I used to work nights. You can draw that card at a newspaper, same as you might in a hospital, police station or a factory. I did not cook dinner much then. Night work makes cooking dinner more than a chore. Often, it makes it impossible.
I felt bad about that. I had little kids. I knew that eating with them regularly was important. Everyone knows that, or says they do: your spouse, your aunt, the pediatrician, Michelle Obama.
So I made breakfast. I came home late and slept briefly, then woke to feed everyone breakfast.
It was great. It’s still great: a family meal, five, six, seven days a week, served in the morning. Cooking dinner can be stressful on weeknights, whatever your hours. Try cooking breakfast instead.
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Let us stipulate: We know that no one has that much time to cook breakfast. There are buses and trains to catch, cars to get started. Someone needs to go to the gym before work or run a few miles, get the dry cleaning, walk the dog. Cooking breakfast is a hassle many of us don’t want to face. That’s why there’s a drive-through lane at the doughnut shop.
Do it anyway. Wake up 15 minutes before you usually do and see how easily the sacrifice play can lead to a win: a pile of buttered toast with jam; bowls of yogurt adorned with granola and fresh-cut fruit; some quick pancakes with maple syrup, nuts and dried fruit; a skillet of soft scrambled eggs. You won’t be alone. The NPD group, a retail tracking firm, estimates that sales of raw or fresh breakfast ingredients will be up 9 percent by 2018.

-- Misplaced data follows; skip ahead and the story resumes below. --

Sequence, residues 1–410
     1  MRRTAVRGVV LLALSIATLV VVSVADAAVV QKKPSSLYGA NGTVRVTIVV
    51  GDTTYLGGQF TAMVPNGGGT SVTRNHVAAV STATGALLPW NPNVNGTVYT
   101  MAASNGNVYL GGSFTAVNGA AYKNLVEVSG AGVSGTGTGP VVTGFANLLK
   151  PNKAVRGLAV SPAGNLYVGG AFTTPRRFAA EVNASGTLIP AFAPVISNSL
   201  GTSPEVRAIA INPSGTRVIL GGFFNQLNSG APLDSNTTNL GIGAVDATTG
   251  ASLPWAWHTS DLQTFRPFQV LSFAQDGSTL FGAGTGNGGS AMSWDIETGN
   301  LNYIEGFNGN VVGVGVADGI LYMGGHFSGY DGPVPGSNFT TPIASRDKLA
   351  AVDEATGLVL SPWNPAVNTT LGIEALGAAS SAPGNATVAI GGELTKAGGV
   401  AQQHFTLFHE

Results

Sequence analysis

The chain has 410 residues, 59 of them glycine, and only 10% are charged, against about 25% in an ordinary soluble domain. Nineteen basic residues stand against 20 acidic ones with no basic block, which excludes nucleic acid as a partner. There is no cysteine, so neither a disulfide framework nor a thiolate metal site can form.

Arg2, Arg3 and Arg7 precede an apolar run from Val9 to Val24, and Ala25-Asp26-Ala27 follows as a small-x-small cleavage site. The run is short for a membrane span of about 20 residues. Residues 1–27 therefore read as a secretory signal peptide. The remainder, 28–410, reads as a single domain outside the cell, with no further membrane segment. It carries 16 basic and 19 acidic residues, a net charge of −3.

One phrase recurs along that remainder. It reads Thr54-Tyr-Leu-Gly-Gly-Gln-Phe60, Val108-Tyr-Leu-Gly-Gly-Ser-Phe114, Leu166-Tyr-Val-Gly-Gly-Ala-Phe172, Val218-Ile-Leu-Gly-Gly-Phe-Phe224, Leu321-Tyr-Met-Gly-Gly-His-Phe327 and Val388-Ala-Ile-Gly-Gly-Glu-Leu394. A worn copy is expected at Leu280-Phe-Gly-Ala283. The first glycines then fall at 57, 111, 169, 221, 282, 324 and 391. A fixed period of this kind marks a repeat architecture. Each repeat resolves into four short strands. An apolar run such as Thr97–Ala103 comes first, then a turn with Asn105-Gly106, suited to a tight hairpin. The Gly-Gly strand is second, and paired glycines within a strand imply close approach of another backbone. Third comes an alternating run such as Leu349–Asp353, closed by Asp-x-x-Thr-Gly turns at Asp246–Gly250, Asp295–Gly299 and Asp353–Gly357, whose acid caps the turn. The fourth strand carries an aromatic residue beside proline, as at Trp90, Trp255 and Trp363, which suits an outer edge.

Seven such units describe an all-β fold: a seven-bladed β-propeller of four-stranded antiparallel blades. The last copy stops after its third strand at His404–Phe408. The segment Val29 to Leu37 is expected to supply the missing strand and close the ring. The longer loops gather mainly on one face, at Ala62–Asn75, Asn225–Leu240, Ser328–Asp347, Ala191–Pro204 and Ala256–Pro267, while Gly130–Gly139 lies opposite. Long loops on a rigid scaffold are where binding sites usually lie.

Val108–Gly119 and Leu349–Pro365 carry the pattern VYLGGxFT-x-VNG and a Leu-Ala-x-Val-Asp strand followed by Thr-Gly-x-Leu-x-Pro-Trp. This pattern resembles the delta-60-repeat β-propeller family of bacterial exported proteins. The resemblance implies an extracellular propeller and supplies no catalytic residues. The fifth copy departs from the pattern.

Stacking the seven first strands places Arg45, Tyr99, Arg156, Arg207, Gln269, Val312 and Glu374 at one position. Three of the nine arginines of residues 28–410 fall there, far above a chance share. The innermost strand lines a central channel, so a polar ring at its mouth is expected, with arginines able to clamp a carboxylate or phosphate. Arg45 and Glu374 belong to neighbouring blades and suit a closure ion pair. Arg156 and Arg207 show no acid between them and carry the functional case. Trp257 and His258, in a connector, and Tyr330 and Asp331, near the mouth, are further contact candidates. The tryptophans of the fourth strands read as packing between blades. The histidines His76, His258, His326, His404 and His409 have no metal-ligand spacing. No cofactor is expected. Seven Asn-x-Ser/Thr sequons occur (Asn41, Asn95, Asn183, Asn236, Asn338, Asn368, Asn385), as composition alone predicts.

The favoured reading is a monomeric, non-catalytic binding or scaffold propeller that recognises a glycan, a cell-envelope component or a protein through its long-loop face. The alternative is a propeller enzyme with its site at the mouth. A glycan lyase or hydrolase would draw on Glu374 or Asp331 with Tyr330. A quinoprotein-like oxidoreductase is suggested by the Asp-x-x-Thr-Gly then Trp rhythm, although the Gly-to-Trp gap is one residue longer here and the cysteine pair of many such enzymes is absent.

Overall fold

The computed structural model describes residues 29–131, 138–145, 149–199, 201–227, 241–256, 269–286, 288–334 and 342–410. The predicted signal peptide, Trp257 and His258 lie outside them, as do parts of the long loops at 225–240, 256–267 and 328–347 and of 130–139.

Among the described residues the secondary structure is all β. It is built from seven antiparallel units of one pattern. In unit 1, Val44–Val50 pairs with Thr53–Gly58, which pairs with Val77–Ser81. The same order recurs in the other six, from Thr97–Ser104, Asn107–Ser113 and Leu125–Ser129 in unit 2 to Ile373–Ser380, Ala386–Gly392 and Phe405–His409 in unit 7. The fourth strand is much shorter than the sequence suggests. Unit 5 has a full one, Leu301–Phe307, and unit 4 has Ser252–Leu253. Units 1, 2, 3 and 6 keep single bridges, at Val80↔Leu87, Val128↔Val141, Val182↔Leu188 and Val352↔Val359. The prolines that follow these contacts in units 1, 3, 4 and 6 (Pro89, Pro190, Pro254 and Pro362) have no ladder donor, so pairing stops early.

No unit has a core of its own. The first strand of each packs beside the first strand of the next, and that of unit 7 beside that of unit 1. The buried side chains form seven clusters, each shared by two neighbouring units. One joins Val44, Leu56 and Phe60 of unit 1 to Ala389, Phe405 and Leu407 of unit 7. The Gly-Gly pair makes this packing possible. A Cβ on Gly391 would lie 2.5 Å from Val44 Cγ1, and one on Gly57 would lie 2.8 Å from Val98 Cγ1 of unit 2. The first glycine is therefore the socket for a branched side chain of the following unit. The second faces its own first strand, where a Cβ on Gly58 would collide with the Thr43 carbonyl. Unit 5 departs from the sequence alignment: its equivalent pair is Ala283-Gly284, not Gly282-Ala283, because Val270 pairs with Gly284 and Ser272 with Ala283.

For students, especially, the data is clear: Eating a healthy breakfast leads to improved cognition and memory, helps reduce absenteeism and generally improves mood. A 2008 study in the journal Pediatrics found that teenagers who ate breakfast regularly had a lower body-mass index than those who did not.
So: Whole-grain muffins. Orange slices. A sausage or two. Everyone wins.
Drink your coffee while the radio plays softly and others sleep, cook a little, then call everyone out for the meal. Cooking breakfast is easier the third time you do it than it will be the first, but it will always be welcome and will always be worth the time.
You can prepare the meal the night before, right before bed: Steel-cut oats placed in a rice cooker overnight yield a breakfast porridge out of 19th-century Ireland. Assemble the makings for French toast and dip the bread in the morning, or tear it into chunks and make a casserole to chill overnight and bake at dawn.
Or wait until morning: Whir frozen fruit, orange juice and yogurt for a smoothie to go with a simple fried egg. That’s a 10-minute job. Or make like a Californian and spread avocado over toast.
It’s all good cooking, if you serve it with care. And it gets easier every time you do it.